Ibrahim and Hurst studied the factors contributing to the pattern and level of energy demand in oil importing and exporting countries using aggregate oil and energy demand models. The results from their study pointed out a strong relationship between aggregate energy demand and income. 
Chai et al forecasted the demand for petroleum product consumption in the Chinese transportation industry based on the Bayesian linear regression theory and Markov Chain Monte Carlo method (MCMC). They established a demand-forecast model of petrol and diesel consumption introduced into the analytical framework, with explanatory variables of urbanisation level, per capita GDP, turnover of passengers (freight) in aggregate (TPA, TFA), and civilian vehicle number (CVN). The forecast was undertaken between the period (2011-2015) based on the historical data covering 1985 to 2009. They concluded that urbanization is the most sensitive factor, with a strong marginal effect on petrol and diesel consumption in the transportation sector. 
Parikh et al. forecasted the demand for petroleum products from 2011-2012 using econometric models based on different petroleum products. The study was carried under two scenarios of low and high gross domestic product (GDP) growth. The outcome of their study provided an insight for the Indian government on the investment decisions in the oil and gas industry to enable them attain GDP growth as anticipated in the future. 
Cheze et al. projected the demand for fuel oil from 2008-2025 using scenario design for the air transport sector. Their research concluded on a 100% increase in air transportation with an annual growth of 4.7% indicating an increase in demand for fuel oil by 38% with 1.9% annual growth.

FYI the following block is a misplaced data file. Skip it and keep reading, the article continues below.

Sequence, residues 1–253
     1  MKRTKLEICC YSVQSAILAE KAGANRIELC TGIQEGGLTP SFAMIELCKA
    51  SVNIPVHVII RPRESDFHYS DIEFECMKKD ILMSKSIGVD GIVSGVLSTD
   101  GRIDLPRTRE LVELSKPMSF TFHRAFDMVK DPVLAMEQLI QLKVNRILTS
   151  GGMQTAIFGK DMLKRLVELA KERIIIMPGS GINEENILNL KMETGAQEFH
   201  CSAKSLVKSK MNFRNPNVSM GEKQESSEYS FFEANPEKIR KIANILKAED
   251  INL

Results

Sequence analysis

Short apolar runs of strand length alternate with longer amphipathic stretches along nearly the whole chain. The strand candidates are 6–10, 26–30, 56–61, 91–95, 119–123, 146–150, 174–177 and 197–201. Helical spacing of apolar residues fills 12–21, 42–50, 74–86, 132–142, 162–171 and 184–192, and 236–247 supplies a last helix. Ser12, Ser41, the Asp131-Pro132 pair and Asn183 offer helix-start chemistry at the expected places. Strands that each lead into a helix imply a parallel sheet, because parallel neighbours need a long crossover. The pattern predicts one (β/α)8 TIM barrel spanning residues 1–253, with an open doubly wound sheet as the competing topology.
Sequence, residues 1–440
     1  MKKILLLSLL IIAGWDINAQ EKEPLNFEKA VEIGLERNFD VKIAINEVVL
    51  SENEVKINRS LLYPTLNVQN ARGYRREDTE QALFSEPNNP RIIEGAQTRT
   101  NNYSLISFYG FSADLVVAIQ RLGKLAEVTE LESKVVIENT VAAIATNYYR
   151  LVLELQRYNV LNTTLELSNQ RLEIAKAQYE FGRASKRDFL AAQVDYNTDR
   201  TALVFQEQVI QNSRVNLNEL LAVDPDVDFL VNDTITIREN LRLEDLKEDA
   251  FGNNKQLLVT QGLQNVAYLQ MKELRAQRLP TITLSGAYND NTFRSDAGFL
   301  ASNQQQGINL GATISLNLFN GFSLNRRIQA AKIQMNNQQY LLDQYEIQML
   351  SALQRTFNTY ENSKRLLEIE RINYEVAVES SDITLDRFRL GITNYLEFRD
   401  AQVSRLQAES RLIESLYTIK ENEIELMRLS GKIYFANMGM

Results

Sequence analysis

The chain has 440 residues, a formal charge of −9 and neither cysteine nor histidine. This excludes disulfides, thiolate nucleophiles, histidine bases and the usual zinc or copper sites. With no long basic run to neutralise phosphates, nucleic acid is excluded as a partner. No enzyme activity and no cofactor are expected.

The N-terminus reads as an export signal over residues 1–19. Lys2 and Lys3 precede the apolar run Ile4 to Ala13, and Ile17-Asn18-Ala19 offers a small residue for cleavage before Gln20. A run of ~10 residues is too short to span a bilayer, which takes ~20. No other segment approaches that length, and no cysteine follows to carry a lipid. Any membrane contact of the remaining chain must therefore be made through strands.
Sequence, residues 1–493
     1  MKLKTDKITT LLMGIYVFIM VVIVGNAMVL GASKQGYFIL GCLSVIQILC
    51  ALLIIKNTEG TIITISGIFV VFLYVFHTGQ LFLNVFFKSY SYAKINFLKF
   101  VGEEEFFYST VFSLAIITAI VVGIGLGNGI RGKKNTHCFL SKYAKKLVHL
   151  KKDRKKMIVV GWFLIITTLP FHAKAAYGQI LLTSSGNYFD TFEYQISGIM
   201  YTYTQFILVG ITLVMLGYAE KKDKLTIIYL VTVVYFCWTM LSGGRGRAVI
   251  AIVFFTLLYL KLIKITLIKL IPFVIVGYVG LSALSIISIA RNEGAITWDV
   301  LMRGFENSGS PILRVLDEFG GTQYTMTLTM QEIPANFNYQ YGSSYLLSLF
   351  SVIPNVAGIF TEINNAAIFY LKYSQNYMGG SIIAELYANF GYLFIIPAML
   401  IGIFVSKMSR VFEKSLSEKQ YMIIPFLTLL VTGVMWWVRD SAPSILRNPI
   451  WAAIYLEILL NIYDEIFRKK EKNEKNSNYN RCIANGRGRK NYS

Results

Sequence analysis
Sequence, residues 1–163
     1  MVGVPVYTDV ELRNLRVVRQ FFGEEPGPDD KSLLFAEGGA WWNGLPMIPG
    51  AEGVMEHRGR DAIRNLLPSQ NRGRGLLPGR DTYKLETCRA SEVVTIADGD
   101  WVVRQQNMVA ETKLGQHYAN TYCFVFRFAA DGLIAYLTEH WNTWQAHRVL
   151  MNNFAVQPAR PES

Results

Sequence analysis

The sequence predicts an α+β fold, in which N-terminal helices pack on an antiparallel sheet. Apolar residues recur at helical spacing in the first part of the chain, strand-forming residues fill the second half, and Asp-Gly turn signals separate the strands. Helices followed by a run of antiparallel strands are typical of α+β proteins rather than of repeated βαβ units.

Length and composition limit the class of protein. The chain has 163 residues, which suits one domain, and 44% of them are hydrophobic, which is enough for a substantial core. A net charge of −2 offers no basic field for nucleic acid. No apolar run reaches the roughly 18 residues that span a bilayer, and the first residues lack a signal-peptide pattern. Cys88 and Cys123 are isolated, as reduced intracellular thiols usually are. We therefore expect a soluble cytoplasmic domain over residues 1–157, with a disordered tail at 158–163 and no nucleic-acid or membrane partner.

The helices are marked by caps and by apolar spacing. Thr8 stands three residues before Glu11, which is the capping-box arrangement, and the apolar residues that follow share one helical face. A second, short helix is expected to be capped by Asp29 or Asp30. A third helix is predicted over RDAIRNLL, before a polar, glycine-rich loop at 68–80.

3. OVERVIEW OF THE PETROLUEM SECTOR IN GHANA
The petroleum sector comprises of the upstream, midstream and downstream. Activities in these sectors involve exploration, production, transportation and marketing of petroleum products. Major products traded include premium gasoline, gas oil, and residual fuel oil, LPG and Premix. About 30% of the products are imported and the remaining 70% refined locally by TOR. 
3.1 DEMAND FOR PETROLEUM PRODUCTS IN GHANA
The demand for petroleum products has been increasing over the years. This may be attributed to annual increase in population and economic growth. In 2011, the total petroleum products consumed was about 2.8 million tonnes. 
Figure 2: CONSUMPTION OF PETROLEUM PRODUCTS FROM: 2000-2011
Source: Compiled by Author using NPA Data Ghana, 2012.
From figure 2, consumption of petroleum products fell in 2010 and began to rise in 2011. The fall may be attributed to the technical hitch at the TOR resulting from the pumping of sea water into the boilers causing damage to residual fluid Catalytic cracker and the crude distribution unit (CDU) leading to the closure of the facility for almost two weeks. 
3.2 IMPORT AND EXPORT OF PETROLUEM PRODUCTS IN GHANA
In 2011, the total petroleum products imported was approximately 2.1 million tonnes and products exported stood at 665,900 tonnes.  Ghana is a major importer of crude from Nigeria. The total imported refined petroleum products for year 2000-2010 was about 259 (000, barrels).  Ghana is a major importer of crude from Nigeria. The country imported about 10 billion barrels of crude for refinery operations and electricity generation in 2011. 
Figure 3: IMPORT AND EXPORT OF PETROLUEM PRODUCTS: (2000-2011)
Source: Compiled by Author using data from Tema Oil Refinery, 2012.
From figure 2, import of petroleum products increased in 2011. This was as a result of increase in petroleum products imported from Nigeria worth $113 million dollars compared to total import worth $81.76 dollars in 2010.  Export of petroleum products began to rise immediately after 2007. This may be attributed to start of crude production in commercial quantities from the Jubilee field in 2011.
4. METHODOLOGY AND DATA ANALYSIS
This section of the paper makes reference to the methodology used for forecasting and interpretation of the results.